Slava Class cruisers are among Russia’s most advanced warships. They were built in the Soviet Union to rival the NATO fleet, and even if these ships have lost their former glory due to outdated technology, they’re still dangerous and can undoubtedly block Ukrainian harbors and wreak havoc in coastal cities.
So, are slava class cruisers easy to sink as happened with the Moskva? How many cruisers of this class still exist? Can they still be a relevant force on the seas in a time of advanced anti-ship missiles?
The Slava-Class cruisers
Slava Class cruisers are a class of guided missile cruisers built by the Soviet Navy between 1976 and 1990.
The Ustinov, Varyag, and the sunken Moskva are the three Slava class cruisers ever built.
Ten of these cruisers were initially planned, but only three were eventually delivered. They were assembled before the collapse of the Soviet Union and have been partially modernized by Russia to keep them afloat.
These 11,000-ton ships have been updated in the last decades. However, most of their weapons are outdated and they aren’t the best or most advanced ships that Russia has.
The Slava-Class cruisers are widely outperformed by the Kirov class which can carry up to 28,000 tons. But, only one Kirov class cruiser is currently active.
It should also be noted that the Russian aircraft carrier Admiral Kuznetsov is the most impressive weapon Russia has on the seas, but like the Kirov-class fleet, it’s not operational.
The Admiral Kuznetsov was expected to be ready in 2022, but taking this aircraft carrier to the seas will probably take longer since the Russian military spending during the war will be enormous, cutting the budgets of the already underfunded future projects or putting them on indefinite hold – and American sanctions won’t help either.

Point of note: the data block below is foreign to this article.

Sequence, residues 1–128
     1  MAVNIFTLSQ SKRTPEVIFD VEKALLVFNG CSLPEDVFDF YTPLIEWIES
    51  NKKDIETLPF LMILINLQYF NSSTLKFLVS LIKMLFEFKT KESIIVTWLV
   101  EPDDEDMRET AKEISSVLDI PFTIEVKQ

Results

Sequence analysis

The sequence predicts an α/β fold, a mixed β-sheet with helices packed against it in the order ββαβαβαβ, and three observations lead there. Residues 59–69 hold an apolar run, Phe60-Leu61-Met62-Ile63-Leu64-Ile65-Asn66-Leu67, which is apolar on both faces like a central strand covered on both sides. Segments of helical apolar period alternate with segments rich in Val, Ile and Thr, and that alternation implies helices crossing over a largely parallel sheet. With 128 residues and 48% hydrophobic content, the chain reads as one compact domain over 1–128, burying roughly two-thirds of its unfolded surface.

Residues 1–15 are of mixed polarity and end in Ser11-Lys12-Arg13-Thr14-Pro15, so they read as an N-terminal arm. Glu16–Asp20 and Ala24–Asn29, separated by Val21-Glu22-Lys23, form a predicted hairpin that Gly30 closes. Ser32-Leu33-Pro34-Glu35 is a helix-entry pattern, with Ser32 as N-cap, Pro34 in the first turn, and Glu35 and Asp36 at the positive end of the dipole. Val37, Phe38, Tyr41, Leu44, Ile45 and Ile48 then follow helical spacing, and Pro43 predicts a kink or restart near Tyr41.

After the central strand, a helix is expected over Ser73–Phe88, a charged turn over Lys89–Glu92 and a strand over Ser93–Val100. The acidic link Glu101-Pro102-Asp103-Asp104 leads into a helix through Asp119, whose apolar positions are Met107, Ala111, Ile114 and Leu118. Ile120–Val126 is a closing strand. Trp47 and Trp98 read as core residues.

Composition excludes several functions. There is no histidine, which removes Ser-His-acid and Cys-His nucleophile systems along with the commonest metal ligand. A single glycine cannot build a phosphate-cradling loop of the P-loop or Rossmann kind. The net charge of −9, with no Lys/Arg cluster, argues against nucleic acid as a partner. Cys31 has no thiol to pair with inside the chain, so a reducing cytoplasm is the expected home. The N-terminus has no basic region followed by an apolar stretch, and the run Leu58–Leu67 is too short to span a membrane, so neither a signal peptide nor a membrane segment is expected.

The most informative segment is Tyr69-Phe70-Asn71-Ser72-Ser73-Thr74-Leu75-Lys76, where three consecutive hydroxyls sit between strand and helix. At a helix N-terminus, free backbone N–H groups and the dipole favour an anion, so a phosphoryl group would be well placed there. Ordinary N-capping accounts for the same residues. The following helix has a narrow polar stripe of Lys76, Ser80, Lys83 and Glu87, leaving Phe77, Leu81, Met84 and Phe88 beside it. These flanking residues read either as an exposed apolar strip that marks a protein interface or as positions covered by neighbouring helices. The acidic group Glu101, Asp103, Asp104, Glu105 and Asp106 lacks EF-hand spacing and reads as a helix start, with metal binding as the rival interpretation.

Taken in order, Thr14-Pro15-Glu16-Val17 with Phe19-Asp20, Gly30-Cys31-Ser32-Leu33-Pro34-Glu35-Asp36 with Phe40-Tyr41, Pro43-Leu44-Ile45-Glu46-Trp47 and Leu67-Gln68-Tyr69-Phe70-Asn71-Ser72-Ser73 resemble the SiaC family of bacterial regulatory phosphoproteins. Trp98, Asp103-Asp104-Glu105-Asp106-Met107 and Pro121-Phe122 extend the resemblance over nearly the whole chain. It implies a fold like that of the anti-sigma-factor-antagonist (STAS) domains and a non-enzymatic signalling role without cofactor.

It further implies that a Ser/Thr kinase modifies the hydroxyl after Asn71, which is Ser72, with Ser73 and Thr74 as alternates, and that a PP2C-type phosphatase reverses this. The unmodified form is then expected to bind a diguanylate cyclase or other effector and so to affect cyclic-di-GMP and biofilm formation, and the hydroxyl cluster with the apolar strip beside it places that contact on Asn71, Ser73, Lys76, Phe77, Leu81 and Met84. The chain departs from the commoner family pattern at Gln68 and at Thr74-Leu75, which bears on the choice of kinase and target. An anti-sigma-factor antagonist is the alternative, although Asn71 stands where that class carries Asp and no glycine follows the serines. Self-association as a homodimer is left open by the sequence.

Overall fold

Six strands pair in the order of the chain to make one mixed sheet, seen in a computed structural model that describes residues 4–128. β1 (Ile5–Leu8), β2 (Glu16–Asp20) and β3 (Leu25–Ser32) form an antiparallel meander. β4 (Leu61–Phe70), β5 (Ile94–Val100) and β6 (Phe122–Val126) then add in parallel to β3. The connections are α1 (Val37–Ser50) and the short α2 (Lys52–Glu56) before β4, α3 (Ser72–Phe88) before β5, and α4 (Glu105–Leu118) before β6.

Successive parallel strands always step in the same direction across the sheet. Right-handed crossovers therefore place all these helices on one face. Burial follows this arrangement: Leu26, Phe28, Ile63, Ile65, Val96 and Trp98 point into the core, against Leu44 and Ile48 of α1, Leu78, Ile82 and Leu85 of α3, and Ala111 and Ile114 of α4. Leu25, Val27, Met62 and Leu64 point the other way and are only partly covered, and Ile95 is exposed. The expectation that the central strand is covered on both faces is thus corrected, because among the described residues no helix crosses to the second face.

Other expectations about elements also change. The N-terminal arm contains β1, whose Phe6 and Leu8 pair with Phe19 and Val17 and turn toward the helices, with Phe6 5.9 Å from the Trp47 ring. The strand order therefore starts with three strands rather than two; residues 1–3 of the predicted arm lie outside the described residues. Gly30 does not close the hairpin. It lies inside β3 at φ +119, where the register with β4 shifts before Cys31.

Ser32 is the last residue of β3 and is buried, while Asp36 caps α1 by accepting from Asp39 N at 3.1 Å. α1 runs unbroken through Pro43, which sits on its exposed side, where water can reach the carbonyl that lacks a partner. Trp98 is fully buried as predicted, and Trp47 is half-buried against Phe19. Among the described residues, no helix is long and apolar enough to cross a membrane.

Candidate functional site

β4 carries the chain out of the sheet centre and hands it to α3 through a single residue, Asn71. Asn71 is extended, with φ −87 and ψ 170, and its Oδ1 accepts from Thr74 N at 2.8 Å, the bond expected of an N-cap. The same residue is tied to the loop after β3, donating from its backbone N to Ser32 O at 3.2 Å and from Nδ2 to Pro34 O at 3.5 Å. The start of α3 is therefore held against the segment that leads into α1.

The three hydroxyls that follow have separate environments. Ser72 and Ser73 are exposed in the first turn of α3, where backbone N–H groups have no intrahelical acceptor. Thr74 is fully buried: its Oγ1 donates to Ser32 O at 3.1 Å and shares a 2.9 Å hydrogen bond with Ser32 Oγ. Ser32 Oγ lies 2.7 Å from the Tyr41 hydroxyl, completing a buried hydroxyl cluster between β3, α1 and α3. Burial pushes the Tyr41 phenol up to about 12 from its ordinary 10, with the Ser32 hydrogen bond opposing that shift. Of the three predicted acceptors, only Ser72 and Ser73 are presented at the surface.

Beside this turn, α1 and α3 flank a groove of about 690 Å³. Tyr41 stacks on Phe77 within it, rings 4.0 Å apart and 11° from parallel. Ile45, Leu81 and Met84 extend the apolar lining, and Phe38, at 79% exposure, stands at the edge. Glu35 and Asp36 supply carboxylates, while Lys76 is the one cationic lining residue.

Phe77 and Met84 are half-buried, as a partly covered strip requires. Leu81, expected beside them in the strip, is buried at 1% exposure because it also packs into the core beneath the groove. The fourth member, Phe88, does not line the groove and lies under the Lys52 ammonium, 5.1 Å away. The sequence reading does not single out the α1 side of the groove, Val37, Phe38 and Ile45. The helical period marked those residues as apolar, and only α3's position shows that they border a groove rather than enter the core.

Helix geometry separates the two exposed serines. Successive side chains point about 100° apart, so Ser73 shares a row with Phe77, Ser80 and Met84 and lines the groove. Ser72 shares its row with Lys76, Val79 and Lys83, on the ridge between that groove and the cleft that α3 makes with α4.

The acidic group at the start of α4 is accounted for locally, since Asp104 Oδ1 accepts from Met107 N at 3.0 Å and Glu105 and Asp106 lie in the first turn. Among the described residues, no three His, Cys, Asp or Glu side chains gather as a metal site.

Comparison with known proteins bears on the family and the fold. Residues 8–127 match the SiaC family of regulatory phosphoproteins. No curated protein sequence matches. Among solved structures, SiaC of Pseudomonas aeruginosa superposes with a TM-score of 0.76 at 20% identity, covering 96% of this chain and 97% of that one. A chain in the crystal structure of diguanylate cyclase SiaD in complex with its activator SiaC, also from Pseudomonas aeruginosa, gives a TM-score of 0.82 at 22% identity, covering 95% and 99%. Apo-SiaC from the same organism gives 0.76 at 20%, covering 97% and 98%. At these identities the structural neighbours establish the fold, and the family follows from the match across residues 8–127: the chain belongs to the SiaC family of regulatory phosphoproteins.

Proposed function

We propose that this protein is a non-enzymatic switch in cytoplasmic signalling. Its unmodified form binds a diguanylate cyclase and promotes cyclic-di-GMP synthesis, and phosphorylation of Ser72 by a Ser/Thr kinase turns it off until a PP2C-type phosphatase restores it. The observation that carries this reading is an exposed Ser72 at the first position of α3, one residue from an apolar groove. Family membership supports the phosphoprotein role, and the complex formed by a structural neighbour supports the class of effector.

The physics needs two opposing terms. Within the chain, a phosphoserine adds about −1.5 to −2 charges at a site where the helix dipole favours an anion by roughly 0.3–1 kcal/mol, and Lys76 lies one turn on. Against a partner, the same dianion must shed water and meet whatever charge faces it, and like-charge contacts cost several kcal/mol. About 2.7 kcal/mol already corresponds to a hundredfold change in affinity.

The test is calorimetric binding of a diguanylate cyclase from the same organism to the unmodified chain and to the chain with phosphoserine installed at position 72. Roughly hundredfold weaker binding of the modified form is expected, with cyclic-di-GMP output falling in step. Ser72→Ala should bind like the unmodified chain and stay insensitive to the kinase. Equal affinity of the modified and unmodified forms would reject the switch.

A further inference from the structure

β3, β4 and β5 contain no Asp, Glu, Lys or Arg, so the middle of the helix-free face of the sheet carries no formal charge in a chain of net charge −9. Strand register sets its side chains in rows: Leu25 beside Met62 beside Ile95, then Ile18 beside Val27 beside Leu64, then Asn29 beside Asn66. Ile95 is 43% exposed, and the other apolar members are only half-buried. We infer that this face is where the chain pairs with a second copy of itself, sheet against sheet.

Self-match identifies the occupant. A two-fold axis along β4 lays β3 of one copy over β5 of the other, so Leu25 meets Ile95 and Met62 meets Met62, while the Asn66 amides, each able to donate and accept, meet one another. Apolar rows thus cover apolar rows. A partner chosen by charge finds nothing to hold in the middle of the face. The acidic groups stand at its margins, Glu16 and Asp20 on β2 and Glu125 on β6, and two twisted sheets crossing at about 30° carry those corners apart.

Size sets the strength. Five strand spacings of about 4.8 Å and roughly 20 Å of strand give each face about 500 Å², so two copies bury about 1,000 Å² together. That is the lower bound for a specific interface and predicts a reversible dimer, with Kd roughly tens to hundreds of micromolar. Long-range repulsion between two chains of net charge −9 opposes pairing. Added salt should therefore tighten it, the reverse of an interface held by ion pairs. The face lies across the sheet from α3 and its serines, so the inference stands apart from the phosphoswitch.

Slava Class cruiser specs
- ) AK-130 dual cannon
- ) P-500 Bazalt anti-ship missile launchers
- ) RBU-6000 anti-submarine rocket launcher
- ) AK-630 close-in weapon systems
- ) S-300 anti-air missile launcher
- ) OSA-MA anti-air missile launcher
- Length: 186.4 meters (611 feet 7 inches)
- Beam: 20.8 meters (68 feet 3 inches)
- Draught: 8.4 meters (27 feet 7 inches)
- Speed: 32 knots (59 km/h or 37 mph)
- Range: 3,000 nmi (3,450 miles) (5,560 kilometers)
- Aircraft carried: 1 Kamov Ka-25 / Kamov Ka-27 Helicopter
The sinking of the Slava Class cruiser Moskva
The Moskva was a cruiser launched in 1982. It was a Slava Class ship with a crew of almost 500 men, and given its importance to the Russian Black Sea fleet, the loss of this ship is a hard blow for Russia and its naval blockade of Ukraine.
In fact, almost two months after the invasion of Ukraine, it’s the most significant material loss so far after two Neptune missiles hit the cruiser.
At first, the Russian Ministry of Defense informed that it was just a fire, but later it was no longer possible to hide the damage to the ship, which ended up sinking.
Ukrainian officials say they used the Bayraktar TB-2 drone to distract the Russian sailors and destroy the missile warning systems, while they launched the Neptune missiles.
🇷🇺💥🤛💪🇺🇦❤🇺🇦💪🤜💥🇷🇺— Dr. Woga (@Dr_Woga) April 11, 2022
DESTRUCTION OF UKRAINE NO. 1
This drone footage shows the incredible devastation of Mariupol from the Russian bombing.
📣🔔IT’S IMPORTANT TO RETWEET🔔📣#StandWithUkraine#Bucha #Borodyanka #Mariupol
Russia won’t forgive Ukraine for the sinking of its warship, and it will probably trigger a retaliatory strike in the next few days.
Indeed, Russia intensified its bombardments against Kyiv following the sinking of the Moskva in the Black Sea.
The first of these attacks was against a factory of the missiles with which the Ukrainians are claiming to have sunk the Slava class Moskva.
And unfortunately, as the war continues and both sides do more damage to each other, there will also be an increase in the use of brutal tactics, including attacks on the civilian population.
One of these cruisers is already sunk but still two more remain
Russia has been deploying its cruisers to block the sea entries to Ukraine for the past month depriving Ukraine of supplies, blocking access to the sea, and eventually causing famine.
So, in the coming months, the war will probably become bloodier and more brutal in coastal cities like Mariupol, as both sides will fight desperately and with less food and resources.
Feature image credit: Project 1164 Moskva 2009 G1 by George. Public Domain.